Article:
Pat Higgins

The last time the San Francisco 49ers hosted a home game in front of a sellout crowd was in January 2020 in the NFC Championship game against the Green Bay Packers. In that game, the 49ers rolled over the Packers, jumping out to a 27-0 halftime lead after scoring points on four of their first five possessions in the first half. In those two quarters of football, the Packers surrendered 114 yards of rushing, par for the course in a season where they ranked 26th in the league in opponent rush yards per game with 129 on average.

A lot has changed since January 2020, but in this matchup, a lot remains the same. The 49ers remain committed to the run game, ranking 3rd in the league in run / pass percentage, racking up 124 yards per game on the ground, good for 9th in the league. On the opposite side of the ball, the Packers’ rush defense continues to be a liability, ranking 29th in the league with 140 yards of rushing allowed through two weeks. The Saints rolled for 171 yards in Week 1, while the Lions plodded along for 104 yards on the round with 46 yards from Jared Goff.

The 49ers are banged up at the RB position, but their backfield has been by committee since Kyle Shanahan took over as head coach.

The 49ers OL has allowed just one sack through two games, while the Packers DL has picked up just one sack through their first two games. Considering Za’darius Smith went on IR ahead of last week’s MNF matchup with the Lions, Green Bay is going to struggle to put pressure on Jimmy G. Considering Kyle Shanahan is one of the best playcallers and designers of scheme in the NFL, he’s surely going to roll into the home opener on Sunday with a plan to methodically dismantle Green Bay’s defense. Through two weeks, Green Bay’s opponents are 6-6 in the red zone in scoring touchdowns, while San Fran’s offense is 4-4 in their own red zone trips.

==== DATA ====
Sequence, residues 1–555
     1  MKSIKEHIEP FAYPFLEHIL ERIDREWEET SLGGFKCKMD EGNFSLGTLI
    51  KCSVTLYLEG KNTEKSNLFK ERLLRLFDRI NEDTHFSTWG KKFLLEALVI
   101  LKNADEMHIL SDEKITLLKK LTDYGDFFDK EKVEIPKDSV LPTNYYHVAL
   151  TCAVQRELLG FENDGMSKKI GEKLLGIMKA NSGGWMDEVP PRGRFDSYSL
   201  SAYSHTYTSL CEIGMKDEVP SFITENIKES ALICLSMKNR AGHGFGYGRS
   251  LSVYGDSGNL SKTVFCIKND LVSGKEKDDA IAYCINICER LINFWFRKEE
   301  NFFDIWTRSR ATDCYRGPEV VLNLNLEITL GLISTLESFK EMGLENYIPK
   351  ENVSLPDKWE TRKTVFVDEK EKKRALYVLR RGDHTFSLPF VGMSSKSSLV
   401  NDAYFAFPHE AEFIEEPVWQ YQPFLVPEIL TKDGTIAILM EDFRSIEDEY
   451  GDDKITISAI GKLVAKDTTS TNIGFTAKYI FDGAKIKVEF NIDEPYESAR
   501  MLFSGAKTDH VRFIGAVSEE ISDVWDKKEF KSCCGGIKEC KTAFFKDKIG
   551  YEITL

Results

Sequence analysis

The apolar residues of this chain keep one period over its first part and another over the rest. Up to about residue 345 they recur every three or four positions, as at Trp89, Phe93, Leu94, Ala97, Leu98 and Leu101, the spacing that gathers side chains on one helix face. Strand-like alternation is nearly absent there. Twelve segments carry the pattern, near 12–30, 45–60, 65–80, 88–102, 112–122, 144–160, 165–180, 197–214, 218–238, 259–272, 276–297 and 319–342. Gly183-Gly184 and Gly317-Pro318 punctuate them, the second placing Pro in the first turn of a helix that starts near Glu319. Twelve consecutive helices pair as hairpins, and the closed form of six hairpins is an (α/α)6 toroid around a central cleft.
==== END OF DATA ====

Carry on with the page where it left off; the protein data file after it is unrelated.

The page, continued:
The major red flag in this matchup is lack of depth in San Fran’s secondary against the Green Bay passing attack. That said, their pass rush has been sufficient through two games and should be able to apply pressure on a banged up Packers’ offensive line that’s missing LT David Bakhtiari to start the season. Bakhtiari’s backup, Elgton Jenkins, did not practice on Wednesday due to an ankle injury and is questionable for the matchup with a front 7 that will feature Joey Bosa, Arik Armstead and Javon Kinlaw.

Ultimately, the Packers are not a physical football team. They have showed a tendency to get pushed around by physical teams on a consistent basis over the last three years under LaFleur. They’re going to get rolled in the running game on the defensive side of the ball, and if they can’t pressure Garoppolo without their own best pass rusher in Za’darius Smith, there are going to be several 9-minute drives in this matchup in which Rodgers has to watch with his helmet in hand on the sidelines waiting for a stop.

There are key injuries to watch in this one as Thursday’s practices conclude, but this line is moving down from -3.5 to -3 across the board. I will be on San Francisco -3 in this matchup, riding the more physical team that’s better coached and more well balanced on both sides of the football.